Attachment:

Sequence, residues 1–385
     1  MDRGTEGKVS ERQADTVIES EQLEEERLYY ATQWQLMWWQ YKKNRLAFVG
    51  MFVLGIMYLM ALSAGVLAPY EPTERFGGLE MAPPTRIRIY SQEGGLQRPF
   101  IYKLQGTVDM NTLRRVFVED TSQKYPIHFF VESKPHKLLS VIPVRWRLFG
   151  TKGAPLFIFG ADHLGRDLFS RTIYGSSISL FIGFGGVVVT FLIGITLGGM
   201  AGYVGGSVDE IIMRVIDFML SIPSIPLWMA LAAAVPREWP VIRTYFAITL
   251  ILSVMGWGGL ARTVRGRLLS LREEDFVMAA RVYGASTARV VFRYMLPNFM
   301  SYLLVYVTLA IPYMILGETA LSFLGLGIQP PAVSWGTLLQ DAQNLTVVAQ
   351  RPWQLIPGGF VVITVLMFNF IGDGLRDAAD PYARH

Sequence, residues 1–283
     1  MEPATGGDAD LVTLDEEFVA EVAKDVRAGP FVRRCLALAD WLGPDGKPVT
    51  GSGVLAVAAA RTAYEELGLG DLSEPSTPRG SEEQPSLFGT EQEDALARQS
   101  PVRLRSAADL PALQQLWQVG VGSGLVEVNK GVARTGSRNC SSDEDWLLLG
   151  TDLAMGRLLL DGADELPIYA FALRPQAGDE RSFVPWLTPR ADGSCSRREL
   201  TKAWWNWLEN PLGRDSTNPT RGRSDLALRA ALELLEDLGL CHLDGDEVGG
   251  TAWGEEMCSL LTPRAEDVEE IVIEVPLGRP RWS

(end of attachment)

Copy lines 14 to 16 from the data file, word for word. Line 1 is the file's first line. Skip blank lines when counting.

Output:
   151  TDLAMGRLLL DGADELPIYA FALRPQAGDE RSFVPWLTPR ADGSCSRREL
   201  TKAWWNWLEN PLGRDSTNPT RGRSDLALRA ALELLEDLGL CHLDGDEVGG
   251  TAWGEEMCSL LTPRAEDVEE IVIEVPLGRP RWS